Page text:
Two recent reports have highlighted cybercriminals’ targeting of charitable institutions for cyberfraud schemes. On December 14, The Register reported that the Save the Children Federation disclosed to the U.S. Internal Revenue Service (IRS) that in 2017 it had lost nearly $1 million to a cyberfraud scheme. According to the IRS Form 990 tax return that Save the Children filed in August 2018,
IN APRIL 2017, AN UNKNOWN CRIMINAL HACKER OR HACKERS POSING AS A SAVE THE CHILDREN EMPLOYEE FRAUDULENTLY INDUCED THE ORGANIZATION TO TRANSFER $997,400 TO AN ENTITY IN JAPAN ON THE FALSE PRETEXT THAT THE FUNDS WERE NEEDED TO PURCHASE SOLAR PANELS FOR HEALTH CENTERS IN PAKISTAN. BY THE TIME THAT THE FRAUD WAS DISCOVERED, IN MAY 2017, THE TRANSFERRED FUNDS COULD NOT BE RECALLED, BUT SAVE THE CHILDREN WAS SUBSEQUENTLY ABLE TO RECOVER $885,784 FROM ITS INSURANCE CARRIERS TO MITIGATE THE FINANCIAL LOSS. IN ADDITION, SAVE THE CHILDREN COORDINATED WITH THE FBI, AND THROUGH THEM, JAPANESE LAW ENFORCEMENT TO ASSIST IN CRIMINAL INVESTIGATIONS RELATED TO THIS INCIDENT, AND WE HAVE TAKEN STEPS INTERNALLY TO STRENGTHEN CYBERSECURITY AND OTHER PROCESSES TO PREVENT CYBERFRAUD.
IN A SEPARATE INCIDENT, SAVE THE CHILDREN WAS PROVIDED WITH FALSE BANK ACCOUNT INFORMATION FOR A VENDOR, RESULTING IN A DIVERSION OF $9,210 TO AN ACCOUNT IN BENIN. FORTUNATELY, THIS DIVERSION WAS DISCOVERED IN TIME FOR SAVE THE CHILDREN’S BANK TO RECALL $9,090 OF THE FUNDS FROM BENIN, RESULTING IN A LOSS OF ONLY $120.
On December 19, The Times reported that the Wellcome Trust, a major funder of medical and other scientific research in the United Kingdom, disclosed details of two phishing attacks in its 2018 Annual Report. The technique in this case was a classic spear-phishing attack: four Trust senior executives received emails that purported to be from a colleague, but opening the emails enabled criminals to have access to their emails for a number of months. While the attacks reportedly did not result in financial losses, the Trust reported the breaches to the United Kingdom Information Commissioner’s Office and Charity Comission and stated that it was taking a number of mitigating actions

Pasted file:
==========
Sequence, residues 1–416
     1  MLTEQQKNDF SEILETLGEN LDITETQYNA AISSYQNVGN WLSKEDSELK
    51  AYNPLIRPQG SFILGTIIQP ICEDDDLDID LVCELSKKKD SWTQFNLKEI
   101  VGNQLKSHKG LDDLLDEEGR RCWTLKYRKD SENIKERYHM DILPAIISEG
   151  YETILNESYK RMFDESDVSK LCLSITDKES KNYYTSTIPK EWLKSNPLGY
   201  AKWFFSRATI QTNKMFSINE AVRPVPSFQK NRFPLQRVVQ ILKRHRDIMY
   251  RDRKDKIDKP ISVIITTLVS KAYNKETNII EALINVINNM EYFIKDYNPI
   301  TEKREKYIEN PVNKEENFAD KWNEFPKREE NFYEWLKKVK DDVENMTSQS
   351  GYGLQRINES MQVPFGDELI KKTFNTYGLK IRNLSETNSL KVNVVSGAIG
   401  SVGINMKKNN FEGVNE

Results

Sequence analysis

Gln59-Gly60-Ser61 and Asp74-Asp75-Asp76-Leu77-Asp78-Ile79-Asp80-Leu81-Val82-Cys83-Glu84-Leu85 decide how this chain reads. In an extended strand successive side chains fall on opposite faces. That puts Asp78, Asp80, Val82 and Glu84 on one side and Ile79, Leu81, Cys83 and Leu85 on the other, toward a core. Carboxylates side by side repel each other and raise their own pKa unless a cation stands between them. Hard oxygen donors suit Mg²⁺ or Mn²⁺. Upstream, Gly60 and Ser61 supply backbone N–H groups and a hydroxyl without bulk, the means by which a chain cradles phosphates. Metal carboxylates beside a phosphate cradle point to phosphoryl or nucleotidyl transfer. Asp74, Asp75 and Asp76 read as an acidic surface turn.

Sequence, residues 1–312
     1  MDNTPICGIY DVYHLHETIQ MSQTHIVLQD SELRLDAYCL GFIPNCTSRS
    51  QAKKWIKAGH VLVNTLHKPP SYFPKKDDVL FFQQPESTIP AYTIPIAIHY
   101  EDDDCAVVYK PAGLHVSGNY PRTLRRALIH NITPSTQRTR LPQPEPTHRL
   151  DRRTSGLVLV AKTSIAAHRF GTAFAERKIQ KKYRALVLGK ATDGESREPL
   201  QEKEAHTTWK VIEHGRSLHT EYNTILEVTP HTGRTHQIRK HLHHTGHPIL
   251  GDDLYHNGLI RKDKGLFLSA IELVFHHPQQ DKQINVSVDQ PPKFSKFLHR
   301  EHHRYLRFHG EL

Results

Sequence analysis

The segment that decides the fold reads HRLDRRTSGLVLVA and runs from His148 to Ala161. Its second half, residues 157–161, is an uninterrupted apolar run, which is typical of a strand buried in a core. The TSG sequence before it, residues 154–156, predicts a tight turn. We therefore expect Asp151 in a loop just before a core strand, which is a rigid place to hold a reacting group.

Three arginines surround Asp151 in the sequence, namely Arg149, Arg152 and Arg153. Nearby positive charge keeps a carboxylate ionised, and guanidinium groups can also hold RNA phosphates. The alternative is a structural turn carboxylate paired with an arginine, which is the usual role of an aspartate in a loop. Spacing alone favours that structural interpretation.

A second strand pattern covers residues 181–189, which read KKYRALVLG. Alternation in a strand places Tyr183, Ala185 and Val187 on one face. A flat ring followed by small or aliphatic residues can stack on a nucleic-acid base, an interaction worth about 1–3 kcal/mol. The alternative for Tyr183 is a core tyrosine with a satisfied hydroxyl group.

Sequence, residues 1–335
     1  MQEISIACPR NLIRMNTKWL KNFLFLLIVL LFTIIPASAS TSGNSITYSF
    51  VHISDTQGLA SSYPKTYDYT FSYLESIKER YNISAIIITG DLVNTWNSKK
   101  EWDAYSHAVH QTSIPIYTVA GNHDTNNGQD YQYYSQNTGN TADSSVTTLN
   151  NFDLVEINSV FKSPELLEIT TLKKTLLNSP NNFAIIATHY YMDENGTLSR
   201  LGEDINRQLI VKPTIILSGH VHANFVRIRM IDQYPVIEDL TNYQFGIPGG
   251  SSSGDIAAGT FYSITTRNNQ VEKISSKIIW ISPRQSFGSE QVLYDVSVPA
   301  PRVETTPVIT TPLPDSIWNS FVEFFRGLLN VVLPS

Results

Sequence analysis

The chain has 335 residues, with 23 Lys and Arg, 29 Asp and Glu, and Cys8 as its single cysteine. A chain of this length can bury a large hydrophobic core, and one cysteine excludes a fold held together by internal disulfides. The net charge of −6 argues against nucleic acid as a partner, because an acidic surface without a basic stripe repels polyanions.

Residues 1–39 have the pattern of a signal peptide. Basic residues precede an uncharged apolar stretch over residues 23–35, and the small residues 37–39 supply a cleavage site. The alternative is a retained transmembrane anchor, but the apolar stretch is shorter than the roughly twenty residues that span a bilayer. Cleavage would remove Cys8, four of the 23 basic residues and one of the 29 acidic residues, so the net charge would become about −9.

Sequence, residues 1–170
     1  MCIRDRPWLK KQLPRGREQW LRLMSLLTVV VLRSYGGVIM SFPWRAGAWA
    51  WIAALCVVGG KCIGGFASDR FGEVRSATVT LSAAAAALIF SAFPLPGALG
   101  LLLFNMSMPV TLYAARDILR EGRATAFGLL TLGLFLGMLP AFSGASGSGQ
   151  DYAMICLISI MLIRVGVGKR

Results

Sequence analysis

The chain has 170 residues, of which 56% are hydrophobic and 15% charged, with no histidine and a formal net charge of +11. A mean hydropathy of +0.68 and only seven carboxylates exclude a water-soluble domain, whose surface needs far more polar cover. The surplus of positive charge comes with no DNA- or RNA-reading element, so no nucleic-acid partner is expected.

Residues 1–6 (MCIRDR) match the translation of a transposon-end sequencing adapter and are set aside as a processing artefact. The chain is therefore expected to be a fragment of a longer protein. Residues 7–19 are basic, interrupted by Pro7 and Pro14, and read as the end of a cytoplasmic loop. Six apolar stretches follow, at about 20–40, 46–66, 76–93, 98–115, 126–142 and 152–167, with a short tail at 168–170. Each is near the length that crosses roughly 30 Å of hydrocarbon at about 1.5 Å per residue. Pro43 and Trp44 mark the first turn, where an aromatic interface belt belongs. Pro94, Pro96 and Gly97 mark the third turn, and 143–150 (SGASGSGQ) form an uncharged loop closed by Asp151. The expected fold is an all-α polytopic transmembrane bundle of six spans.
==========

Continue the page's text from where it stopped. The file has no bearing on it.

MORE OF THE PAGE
for this and other kinds of cyber threats.
Note: Information-security and compliance officers at nonprofit or charitable institutions of any kind should take note of these reports, and use them to educate senior officials and employees at their institutions about the willingness of cybercriminals – some of them the agents of North Korea and other state actors — to extort or defraud them, and in the process to risk causing them potentially costly damage.
Some people in the charitable and nonprofit sector might think that their organizations are unlikely to be targeted by cybercrime schemes, because their organizations are not profitmaking and are dedicated to helping others. In fact, various cybercriminals have shown that they are indifferent to the charitable or beneficial purposes of an organization in conducting their cyberfraud or cyberextortion schemes. If criminals are willing to inflict ransomware attacks on health-care entities, universities, and state and local governments to extort money from them, and as a consequence risk paralyzing critical operations at those institutions, foundations and charitable causes should not assume either that they are exempt from cyberattacks or that none of their counterparts are similarly being targeted. As Save the Children and the Wellcome Trust have learned, for some cybercriminals the road to wealth is paved with good intentions.